“Someone said something that really pushed my buttons. I was too upset to use my listening skills or respond in a positive way. What can I do to deal with my own feelings when I’m triggered?” This topic comes up often in my Authentic Communication workshops. Here’s a response based on tools that I have used in my own life and in coaching others.
If you are getting triggered you probably have a need that isn’t getting met. One way to get in touch with that need is to practice self-empathy, based on principles of Nonviolent Communication (NVC). Take some time alone, or with a trusted colleague or friend, to listen to your inner self. This will help prepare you to re-engage with the person who pushed your buttons. Self-empathy involves being willing to:
1. Believe and act as if your own needs are important. Many of us are conditioned to put our own needs last. When we work in caring professions, or supervise others, our work often demands that we put our needs on the back burner. But human beings aren’t machines. Attending to our own needs is important because we all matter. Attending to our needs also sustains our ability to do our best work. If you are someone who usually puts your own needs last, consider that your needs matter and make a commitment to getting them met.
For many of us, honoring our feelings is a big step – a step that requires going against what we’ve been taught and what others expect of us.
2. Honor your feelings without labeling them “good” or “bad.” Feelings are valuable messengers. When we have a strong emotional reaction, our body is giving us information. Most of us grow up learning to downplay and suppress feelings. At work, feelings other than those considered positive, are often seen as unprofessional. Gender also influences which feelings we feel free to express. For example, it’s not considered manly to be scared and women aren’t supposed to be angry. When we resist or suppress our feelings, they tend to fester and grow into something bigger. This can lead to more resentment, burnout, lack of trust, and even physical and mental health problems. For many of us, honoring our feelings is a big step – a step that requires going against what we’ve been taught and what others expect of us.
3. Own your feelings. When I get triggered by something someone says, my kneejerk reaction is to blame that person for how upset I am. In doing so, I not only deepen the rift between the two of us, I also rob myself of an opportunity to learn and grow. As tempting as it can be to play the blame game, it’s not helpful to get caught up in right/wrong thinking. Self-empathy allows me to look inward, to understand my own triggers and explore my own needs. This is much more powerful than believing that someone else has the power to control my moods.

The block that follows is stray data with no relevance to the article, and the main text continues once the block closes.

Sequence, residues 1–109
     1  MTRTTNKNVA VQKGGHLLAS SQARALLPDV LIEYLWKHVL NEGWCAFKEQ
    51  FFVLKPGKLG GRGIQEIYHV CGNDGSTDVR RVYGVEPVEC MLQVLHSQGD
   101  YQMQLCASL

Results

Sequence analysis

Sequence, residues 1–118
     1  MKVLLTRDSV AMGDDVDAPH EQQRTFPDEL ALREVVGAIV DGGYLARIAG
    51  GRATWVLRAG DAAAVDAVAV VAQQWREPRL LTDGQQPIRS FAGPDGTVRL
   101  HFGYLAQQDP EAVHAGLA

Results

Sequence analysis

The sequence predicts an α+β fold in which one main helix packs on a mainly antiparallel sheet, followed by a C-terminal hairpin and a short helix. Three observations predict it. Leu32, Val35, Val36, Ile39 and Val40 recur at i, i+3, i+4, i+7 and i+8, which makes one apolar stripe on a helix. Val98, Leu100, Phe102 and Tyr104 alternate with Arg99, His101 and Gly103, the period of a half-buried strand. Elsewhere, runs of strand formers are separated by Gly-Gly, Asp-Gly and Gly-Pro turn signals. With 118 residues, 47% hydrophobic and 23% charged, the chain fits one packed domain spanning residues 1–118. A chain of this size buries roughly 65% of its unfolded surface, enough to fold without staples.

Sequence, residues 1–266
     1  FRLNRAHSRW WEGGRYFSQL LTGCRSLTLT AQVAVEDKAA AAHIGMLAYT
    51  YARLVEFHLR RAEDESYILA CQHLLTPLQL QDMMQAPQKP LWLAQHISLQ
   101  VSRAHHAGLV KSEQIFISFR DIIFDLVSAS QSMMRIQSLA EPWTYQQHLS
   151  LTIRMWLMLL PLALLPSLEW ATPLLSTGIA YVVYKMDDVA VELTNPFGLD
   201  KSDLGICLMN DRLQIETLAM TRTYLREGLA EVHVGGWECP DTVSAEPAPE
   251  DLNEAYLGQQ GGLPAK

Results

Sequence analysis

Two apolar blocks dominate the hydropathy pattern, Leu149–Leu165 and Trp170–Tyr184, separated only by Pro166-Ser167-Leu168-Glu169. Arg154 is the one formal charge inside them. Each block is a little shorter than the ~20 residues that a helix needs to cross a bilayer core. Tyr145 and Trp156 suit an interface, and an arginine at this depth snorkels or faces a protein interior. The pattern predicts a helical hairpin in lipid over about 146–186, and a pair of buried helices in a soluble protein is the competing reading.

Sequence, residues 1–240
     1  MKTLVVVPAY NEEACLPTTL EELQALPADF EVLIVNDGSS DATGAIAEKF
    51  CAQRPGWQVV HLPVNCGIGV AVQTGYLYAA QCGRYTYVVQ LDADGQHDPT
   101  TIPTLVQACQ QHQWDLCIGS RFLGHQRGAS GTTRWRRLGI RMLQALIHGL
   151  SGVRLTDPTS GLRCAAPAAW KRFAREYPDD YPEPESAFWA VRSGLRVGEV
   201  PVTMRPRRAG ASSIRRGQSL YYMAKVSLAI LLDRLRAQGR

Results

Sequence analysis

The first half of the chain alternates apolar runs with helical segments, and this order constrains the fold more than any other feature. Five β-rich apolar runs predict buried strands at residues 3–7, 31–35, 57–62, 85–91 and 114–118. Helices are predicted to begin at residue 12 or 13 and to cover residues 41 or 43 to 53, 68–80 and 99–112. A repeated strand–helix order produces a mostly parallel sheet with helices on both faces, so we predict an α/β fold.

Practicing Self-Empathy: Four Steps
To practice self-empathy, find some time alone or with a trusted colleague. I recommend about 20-30 minutes to start. As you get more skilled in using these tools, it will take less time. If you don’t think can make time, consider whether you can rearrange your priorities. Taking this time can ground you and give you perspective to make you more effective and productive in your work.
1. Allow yourself to have feelings, rather than pushing them away. Breathe and experience the feelings without judging or trying to fix them. This can help loosen the grip they have on you. Remember, what you resist, persists.
2. Identify your feelings. What is it that you are feeling? It may take some time for you to name your feelings, if you have been taught to suppress them. The following major feeling families are a good place to look:
sad – mad – scared – peaceful – powerful – joyful
3. Identify the needs behind the feelings. What is the universal human need that is calling for attention? For example, feelings of fear usually point to a need for safety or security. Here are a few universal human needs that often come up in my work with people.
Acknowledgement – Community or Connection – Understanding – Respect – Contribution – Competency – Being Seen or Heard
For a more comprehensive list of universal human needs, see the Center for Nonviolent Communication Needs Inventory. As you identify your needs, validate them and recognize that these needs matter. Think about how you will express these needs to others.
4. Identify ways to get your needs met. What can you do to meet your own needs? For example, if you have a need for respect, what would meet that need? What can you request from the person that pushed your buttons? What can you request from others? Remember, there is more than one way to meet a need. List out a few actions you will take and venture forth.
For more communication approaches and skills, see other posts on Authentic Communication.